New North Carolina law toughens aggressive-driving penalties

| Wednesday, August 18, 2004

Erratic drivers in North Carolina could be charged with the new crime of aggressive driving under provisions of a bill signed into law by Gov. Mike Easley.

The new law, which takes effect Dec. 1, creates a misdemeanor offense for any driver who is cited for speeding or reckless driving while committing two other traffic violations. The misdemeanor is punishable by up to 120 days in jail and/or a $1,000 fine.

The offenses that would have to be violated to cite someone for aggressive driving include running a red light, running a stop sign, tailgating, failing to yield right-of-way and illegal passing.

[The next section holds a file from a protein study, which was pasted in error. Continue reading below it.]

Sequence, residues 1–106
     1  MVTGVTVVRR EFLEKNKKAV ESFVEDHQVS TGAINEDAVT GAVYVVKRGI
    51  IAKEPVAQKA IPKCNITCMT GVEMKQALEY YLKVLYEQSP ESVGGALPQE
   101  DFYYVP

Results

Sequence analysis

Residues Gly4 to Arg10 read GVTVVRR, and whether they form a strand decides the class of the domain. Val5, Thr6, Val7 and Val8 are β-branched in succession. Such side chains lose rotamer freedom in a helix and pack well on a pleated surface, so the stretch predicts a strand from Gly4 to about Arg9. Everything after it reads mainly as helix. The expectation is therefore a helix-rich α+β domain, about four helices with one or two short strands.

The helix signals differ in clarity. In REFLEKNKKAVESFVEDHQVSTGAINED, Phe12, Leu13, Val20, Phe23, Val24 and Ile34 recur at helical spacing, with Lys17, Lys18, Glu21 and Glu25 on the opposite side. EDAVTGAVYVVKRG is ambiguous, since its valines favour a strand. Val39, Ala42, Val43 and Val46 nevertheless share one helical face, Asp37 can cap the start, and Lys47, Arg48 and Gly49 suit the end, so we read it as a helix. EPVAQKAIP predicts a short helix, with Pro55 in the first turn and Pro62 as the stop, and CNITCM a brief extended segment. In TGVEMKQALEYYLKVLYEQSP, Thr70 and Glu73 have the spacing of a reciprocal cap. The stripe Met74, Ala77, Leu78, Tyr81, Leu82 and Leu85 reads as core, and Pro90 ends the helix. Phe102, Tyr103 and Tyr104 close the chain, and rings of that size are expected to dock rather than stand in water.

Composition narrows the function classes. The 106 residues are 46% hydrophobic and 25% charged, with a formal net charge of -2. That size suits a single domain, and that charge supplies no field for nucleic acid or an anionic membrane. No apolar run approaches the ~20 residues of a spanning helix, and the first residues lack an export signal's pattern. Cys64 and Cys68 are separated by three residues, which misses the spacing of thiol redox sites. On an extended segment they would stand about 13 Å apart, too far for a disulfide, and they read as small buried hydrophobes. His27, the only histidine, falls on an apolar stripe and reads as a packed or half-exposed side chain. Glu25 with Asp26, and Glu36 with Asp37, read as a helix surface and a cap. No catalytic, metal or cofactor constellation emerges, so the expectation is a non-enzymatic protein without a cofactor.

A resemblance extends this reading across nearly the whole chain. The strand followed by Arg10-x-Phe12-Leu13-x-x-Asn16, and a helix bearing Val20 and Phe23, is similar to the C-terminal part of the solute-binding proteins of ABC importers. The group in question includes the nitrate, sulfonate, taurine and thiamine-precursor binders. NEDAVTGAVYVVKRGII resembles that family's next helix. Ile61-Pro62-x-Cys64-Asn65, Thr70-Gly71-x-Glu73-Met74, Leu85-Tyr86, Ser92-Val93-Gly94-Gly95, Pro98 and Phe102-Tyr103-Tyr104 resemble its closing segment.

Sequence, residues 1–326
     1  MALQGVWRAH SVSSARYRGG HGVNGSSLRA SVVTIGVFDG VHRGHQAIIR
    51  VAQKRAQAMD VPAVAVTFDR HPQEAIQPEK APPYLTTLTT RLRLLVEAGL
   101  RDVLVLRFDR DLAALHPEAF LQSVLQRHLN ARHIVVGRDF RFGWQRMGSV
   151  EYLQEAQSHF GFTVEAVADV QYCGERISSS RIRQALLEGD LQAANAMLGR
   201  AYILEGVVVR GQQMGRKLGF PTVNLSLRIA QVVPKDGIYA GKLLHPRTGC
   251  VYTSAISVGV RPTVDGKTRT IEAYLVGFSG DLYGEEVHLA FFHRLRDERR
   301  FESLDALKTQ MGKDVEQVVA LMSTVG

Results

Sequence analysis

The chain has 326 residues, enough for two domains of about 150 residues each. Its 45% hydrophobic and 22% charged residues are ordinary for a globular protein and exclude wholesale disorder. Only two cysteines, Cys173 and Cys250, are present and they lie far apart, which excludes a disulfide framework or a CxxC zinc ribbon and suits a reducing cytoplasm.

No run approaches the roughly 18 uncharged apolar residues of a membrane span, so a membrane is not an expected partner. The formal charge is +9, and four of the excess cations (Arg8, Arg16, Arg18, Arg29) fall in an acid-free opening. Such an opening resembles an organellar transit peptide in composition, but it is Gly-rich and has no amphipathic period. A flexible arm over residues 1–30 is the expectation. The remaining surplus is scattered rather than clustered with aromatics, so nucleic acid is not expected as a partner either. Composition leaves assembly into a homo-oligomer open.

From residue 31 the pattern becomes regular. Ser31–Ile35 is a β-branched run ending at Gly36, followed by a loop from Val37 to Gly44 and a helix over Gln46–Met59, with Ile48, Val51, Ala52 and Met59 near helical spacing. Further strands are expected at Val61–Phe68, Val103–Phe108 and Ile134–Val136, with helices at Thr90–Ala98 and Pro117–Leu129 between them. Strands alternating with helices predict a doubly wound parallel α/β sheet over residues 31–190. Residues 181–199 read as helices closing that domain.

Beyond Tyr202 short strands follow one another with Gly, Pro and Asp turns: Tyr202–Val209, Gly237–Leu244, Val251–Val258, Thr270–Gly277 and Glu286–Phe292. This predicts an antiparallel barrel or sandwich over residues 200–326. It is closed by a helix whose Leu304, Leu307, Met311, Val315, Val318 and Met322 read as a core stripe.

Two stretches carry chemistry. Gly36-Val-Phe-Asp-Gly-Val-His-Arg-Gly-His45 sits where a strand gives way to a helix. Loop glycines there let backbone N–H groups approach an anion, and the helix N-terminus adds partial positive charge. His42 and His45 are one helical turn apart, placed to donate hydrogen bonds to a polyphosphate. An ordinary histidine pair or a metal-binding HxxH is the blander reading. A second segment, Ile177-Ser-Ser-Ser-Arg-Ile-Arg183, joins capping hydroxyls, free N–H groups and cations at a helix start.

A conviction of aggressive driving would carry a six-point penalty for commercial drivers and a five-point penalty for other drivers. A driver could have their license revoked if convicted twice within a year.

Supporters are hopeful the new law – previously H1046 – will change the way people drive.

“I hope the bill deters conduct, we’re not out to take people’s driver’s licenses,” Rep. Joe Hackney, D-Chapel Hill, recently told News 14 Carolina. “We’re out to promote safer driving and so to the extent it has some impact, maybe it will save a life somewhere down the line.”

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